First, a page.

June 26, 2022
Are You Ready for a Disaster?
By: Kirby Jonas
Are you ready for a disaster?
If your answer to this question is no, then you are like millions of other Americans. If your answer is yes, chances are good that you are fooling yourself.
Americans tend to take three approaches to the subject of emergency preparedness. One, they take the apathetic approach, i.e., “I’m not really worried. The government has always done a good job taking care of me.” If you’re in that category as an adult, I’m not sure anything anyone could say will help you.
Two, they think, “I’m pretty good. I think I’ve got it covered.” Which translated means when the feathers hit the fan they will be scrambling for help and probably among the first to go under.
Three, “I’m going to get every single thing I can get for any situation possible.” There are very few who fall into category three, and who can blame them? To truly be prepared for any situation would mean having to have some massive storage facility to put everything in, and realistically, how many of us have that?
So, let’s concentrate on category two, but let’s be truly, “pretty good.” “I think” is never good enough.
The subject of emergency preparedness is a vast one, and volumes have been written about it. Entire websites are devoted to it. With that in mind, anyone can find all they need to know with the click of a few buttons. This article, therefore, is an overview, and I strongly suggest that anyone who is smart enough to be concerned about emergency preparedness, especially in the current unsettled state of this world, start delving into deeper research than I can provide here, and do it right away. There literally is no time to waste.
Here is a very basic list of things you should have in your home to be prepared for a short-term emergency.
1. Water. One gallon per person per day is a good place to start.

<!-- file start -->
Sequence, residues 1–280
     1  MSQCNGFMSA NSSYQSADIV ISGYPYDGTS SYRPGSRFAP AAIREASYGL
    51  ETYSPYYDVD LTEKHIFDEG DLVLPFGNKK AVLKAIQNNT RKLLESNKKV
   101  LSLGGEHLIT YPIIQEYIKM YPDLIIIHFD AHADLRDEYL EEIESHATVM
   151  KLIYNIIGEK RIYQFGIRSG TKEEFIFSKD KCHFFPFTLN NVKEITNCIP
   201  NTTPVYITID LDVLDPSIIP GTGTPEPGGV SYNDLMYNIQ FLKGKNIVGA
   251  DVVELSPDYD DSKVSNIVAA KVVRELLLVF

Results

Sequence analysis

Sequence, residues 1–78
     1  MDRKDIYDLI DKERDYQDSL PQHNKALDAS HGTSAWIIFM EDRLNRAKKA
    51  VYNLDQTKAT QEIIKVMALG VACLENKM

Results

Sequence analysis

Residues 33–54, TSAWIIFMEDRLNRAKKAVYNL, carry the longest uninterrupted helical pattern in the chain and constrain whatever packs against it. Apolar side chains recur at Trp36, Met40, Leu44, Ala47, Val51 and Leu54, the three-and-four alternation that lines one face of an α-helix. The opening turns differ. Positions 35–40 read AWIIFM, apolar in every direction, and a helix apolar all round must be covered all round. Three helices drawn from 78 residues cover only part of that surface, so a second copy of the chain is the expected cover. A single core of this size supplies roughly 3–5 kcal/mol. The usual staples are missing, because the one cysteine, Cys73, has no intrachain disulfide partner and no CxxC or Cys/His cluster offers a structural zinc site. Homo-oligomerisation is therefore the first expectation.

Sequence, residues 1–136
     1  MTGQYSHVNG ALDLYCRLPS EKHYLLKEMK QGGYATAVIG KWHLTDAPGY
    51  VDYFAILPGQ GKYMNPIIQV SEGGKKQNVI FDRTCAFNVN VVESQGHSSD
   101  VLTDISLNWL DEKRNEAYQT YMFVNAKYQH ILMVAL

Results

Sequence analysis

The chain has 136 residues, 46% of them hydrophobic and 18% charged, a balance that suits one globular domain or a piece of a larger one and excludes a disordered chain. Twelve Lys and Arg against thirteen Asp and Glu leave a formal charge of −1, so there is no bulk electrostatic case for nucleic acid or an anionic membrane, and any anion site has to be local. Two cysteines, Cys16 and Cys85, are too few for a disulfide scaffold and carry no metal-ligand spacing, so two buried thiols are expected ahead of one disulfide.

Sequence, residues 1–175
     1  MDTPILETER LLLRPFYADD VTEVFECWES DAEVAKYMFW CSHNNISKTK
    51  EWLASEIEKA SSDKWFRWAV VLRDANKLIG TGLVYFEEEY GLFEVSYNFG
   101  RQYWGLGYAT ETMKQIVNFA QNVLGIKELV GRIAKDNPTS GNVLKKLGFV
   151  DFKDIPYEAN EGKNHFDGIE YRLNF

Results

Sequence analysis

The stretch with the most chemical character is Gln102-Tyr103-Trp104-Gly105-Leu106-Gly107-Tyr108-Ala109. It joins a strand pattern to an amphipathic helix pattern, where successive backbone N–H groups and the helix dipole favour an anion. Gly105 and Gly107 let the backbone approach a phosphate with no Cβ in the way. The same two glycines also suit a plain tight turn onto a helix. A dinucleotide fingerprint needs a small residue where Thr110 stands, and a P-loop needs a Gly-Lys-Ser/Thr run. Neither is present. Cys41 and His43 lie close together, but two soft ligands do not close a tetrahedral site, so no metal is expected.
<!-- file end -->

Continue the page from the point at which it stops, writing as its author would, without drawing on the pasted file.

2. Food. Keep it simple, easy to prepare, and packed with nutrition. Don’t waste money and space on junk food—and you know what that means. Go for canned soups, beans, dehydrated items, MRE’s. This isn’t time to worry about being comfortable. It’s time to think about survival.
3. Food. Yes, again. Only now I’m talking about food for your pets. To many people, pets are like family. Don’t put yourself in that tragic place where you must watch them die because you didn’t prepare for them too.
4. Medication. A tricky question, but get as much of your regular prescriptions as you’re able to obtain, along with painkillers and any other medical items you may need.
5. Flashlight and batteries
6. Battery radio or one that can be cranked for power
7. First aid kit
8. Multi tool, and hopefully a sharp knife
9. Manual can opener
10. BLANKETS and warm clothing for everyone in the home in a place they can easily be accessed. All the food and water in the world aren’t going to help you if you freeze to death.
11. Important papers such as SS cards, birth certificates, etc. Just have them in a place they can be grabbed if you have to get out fast.
12. Cell phone (obviously in today’s world that goes without saying. Never mind that I don’t own one and that mankind survived for tens of thousands of years without them—it’s still on the list.)
13. Toilet paper and other sanitary items—you didn’t think I forgot the Great Toilet Paper Riots of 2020, did you?
14. Weapons and ammunition. Many “survival” lists won’t include this item. I assume they are living in a different world where no one will try to kill you for your food when they didn’t think to prepare for themselves. We, unfortunately, do not live in that world. If you have food, and someone else doesn’t and is hungry, your food is not safe. Believe me.
I won’t get into all the other items you could purchase, items like propane stoves, charcoal, generators, gasoline, etc. If the above list tweaks your interest in emergency preparedness and survival, which I certainly hope it does, there are far vaster resources that are easy to find.
The bottom line here is this: Are you ready? Is one ever ready? That’s a question yet to be answered. But heaven help us all if we don’t at least try.
Editor’s Note: Kirby Jonas is the author of more than two dozen published novels. Kirby and his wife, Debbie, reside in Pocatello, Idaho. You can find his books locally at Idaho Unlimited, 215 E. Cedar Street, in Pocatello. To contact Kirby, email email@example.com.